Yes, you're right. The Honorable German Foreign Minister was talking about the EU as if it were the German Fourth Reich. And yes, President Trump did call the Germans "bad, very bad" for selling too many German-made luxury cars like the Mercedes in the USA but buying too little US-made cars like the Chevrolet in Germany. He even castigated BMW for building a factory in Mexico to make cars for the US market.

But everybody's doing the same thing: US, German, Japanese, S. Korean and lately Chinese companies have been building factories in Mexico to make cars for the US market which qualifies for zero-tariffs under NAFTA's rules of country origin for the auto manufacturing industry. Mexico has been so successful in attracting foreign automakers that it is now the fourth-largest auto exporter in the world, with cars exported tariff-free not only to the U.S.A but also to Latin America and the EU which has Free Trade Agreements (FTA) with Mexico.

Mexico is just playing by the rules of the game. And that game is called economic globalization.

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Post time 2017-9-6 19:43:13 |Display all floors
cdpanda Post time: 2017-9-6 11:44
Yes, you're right. The Honorable German Foreign Minister was talking about the EU as if it were the ...
And that game is called economic globalization.


Not  for China. For China all this is as much about gaining political influence as it is about free market capitalism.

Chinese companies are not free to make major investments abroad without state approval, and that makes those investments state investments as well as investments of those enterprises.

Thus when Chinese enterprises invest in Europe or elsewhere, they have harder time to get approval for investments to countries that are likely to criticize China about human rights violations, terrotorial disputes, or whatever.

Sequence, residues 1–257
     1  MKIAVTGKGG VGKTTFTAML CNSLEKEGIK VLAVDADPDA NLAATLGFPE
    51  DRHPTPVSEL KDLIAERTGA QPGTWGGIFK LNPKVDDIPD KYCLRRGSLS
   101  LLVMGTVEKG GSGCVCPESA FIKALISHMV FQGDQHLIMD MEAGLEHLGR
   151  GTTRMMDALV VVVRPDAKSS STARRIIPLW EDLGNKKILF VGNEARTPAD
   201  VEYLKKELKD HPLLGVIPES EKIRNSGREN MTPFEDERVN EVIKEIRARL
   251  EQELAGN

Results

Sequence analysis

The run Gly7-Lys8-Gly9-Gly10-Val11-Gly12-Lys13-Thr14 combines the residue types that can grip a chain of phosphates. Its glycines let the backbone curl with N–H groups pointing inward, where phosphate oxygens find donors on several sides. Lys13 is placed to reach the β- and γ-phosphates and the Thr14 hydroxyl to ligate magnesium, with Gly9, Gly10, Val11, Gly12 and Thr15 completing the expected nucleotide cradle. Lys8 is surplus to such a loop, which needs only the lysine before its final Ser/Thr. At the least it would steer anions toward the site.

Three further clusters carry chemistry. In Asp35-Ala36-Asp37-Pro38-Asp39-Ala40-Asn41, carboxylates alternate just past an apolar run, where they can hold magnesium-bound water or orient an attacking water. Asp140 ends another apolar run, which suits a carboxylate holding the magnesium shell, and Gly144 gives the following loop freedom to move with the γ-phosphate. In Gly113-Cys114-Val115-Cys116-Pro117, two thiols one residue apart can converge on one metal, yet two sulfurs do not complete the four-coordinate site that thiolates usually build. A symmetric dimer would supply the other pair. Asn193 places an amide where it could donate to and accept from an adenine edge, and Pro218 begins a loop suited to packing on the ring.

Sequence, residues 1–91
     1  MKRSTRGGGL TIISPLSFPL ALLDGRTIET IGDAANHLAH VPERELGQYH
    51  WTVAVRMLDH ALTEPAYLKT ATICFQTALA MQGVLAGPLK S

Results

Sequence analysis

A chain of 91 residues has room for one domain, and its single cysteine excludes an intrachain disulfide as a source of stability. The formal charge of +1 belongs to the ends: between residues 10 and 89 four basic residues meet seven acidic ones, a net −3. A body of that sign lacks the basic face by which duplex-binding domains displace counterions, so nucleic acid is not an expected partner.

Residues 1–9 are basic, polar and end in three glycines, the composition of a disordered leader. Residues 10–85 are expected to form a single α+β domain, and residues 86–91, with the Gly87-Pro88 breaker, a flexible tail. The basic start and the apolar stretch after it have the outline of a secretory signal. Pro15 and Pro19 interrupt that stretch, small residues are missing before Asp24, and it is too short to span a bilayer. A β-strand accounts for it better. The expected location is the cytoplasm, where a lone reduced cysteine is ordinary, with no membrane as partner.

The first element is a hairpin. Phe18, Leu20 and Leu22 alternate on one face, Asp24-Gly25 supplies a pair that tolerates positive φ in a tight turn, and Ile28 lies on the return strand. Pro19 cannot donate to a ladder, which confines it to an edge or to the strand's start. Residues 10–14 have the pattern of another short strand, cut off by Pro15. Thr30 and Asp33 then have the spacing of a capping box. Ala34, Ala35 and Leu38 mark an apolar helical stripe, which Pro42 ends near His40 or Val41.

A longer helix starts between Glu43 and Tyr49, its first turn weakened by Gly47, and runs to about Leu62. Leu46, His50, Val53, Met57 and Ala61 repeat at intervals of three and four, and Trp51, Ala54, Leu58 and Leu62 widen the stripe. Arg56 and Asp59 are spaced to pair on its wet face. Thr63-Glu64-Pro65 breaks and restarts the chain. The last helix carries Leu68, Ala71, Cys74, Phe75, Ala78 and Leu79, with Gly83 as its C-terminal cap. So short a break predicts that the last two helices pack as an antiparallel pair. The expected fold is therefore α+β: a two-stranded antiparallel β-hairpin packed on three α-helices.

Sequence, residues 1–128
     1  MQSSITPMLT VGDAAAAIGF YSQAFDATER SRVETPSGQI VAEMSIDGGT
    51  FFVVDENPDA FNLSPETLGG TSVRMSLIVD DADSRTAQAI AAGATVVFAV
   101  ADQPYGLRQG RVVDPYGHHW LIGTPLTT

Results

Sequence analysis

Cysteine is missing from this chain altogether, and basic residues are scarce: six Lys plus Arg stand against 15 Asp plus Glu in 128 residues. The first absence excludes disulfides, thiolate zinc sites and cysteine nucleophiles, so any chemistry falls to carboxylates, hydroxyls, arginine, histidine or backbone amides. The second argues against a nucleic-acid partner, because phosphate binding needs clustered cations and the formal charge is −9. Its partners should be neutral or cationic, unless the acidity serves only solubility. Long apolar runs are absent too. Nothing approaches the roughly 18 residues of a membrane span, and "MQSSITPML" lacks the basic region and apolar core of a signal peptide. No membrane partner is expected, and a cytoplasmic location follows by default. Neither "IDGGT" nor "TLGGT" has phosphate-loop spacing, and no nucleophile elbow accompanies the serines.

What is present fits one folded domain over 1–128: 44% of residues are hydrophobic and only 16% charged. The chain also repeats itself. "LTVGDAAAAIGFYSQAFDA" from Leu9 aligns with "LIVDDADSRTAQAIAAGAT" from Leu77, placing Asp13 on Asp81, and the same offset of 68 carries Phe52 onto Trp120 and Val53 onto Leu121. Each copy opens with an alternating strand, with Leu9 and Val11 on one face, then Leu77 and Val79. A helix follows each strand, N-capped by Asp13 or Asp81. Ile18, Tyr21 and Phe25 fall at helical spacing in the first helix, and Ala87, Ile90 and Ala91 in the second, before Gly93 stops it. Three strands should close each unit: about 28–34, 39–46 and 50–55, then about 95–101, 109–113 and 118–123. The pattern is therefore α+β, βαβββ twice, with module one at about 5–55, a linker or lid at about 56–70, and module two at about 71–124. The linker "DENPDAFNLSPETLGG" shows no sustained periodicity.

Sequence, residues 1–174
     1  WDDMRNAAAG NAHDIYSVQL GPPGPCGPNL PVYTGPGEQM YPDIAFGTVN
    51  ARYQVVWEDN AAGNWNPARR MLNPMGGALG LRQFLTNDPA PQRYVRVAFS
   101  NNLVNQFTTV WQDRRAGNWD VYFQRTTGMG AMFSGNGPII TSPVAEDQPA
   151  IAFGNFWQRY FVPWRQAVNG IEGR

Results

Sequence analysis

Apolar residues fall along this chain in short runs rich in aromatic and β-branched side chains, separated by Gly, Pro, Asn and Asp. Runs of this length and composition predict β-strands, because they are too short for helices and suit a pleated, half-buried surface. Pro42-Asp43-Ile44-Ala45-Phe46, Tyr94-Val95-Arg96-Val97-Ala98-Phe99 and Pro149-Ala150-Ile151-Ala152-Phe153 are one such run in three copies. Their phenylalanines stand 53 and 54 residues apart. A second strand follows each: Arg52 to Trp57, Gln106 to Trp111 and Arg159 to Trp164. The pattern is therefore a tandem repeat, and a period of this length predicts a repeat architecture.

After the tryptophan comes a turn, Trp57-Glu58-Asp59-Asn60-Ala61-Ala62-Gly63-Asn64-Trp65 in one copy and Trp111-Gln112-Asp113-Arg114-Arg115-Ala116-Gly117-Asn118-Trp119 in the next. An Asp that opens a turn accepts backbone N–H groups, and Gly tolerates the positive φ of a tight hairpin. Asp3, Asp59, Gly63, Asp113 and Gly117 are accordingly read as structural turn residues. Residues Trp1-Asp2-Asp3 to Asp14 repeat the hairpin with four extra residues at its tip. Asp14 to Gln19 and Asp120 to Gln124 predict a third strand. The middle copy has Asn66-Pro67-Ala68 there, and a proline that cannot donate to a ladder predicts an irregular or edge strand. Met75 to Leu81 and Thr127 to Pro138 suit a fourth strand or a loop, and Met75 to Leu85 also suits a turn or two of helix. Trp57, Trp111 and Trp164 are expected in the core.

With Germany or USA, state does play such role in controlling investments.

This may not be what the German guy was thinking of, but he should have been. Chinese investments abroad play two games with one hand.

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Post time 2017-9-6 23:29:40 |Display all floors
This post was edited by cdpanda at 2017-9-7 17:49
Jaaja Post time: 2017-9-6 19:43
Not  for China. For China all this is as much about gaining political influence as it is about f ...

As I wrote in my earlier posts, the German FM is the one confusing two separate issues: 1). national sovereignty of EU member-states and 2). economic protectionism for EU markets. Everybody knows that German companies dominate EU markets and that Germany is the one of world's top exporting countries including to China. Most Chinese State-owned companies invest in infrastructure projects in the developing world, which are designed to facilitate trade and investment for Chinese industrial companies. Chinese FDI in the Western World are mostly for manufacturing or services not infrastructure. There are exceptions such as Chinese State investments in infrastructure projects related to its OBOR initiatives. In those cases, China partners with the destination country such as Greece. In other cases. China partners with Western MNCs such as GE which is involved in Chinese State-funded infrastructure projects in 40 countries.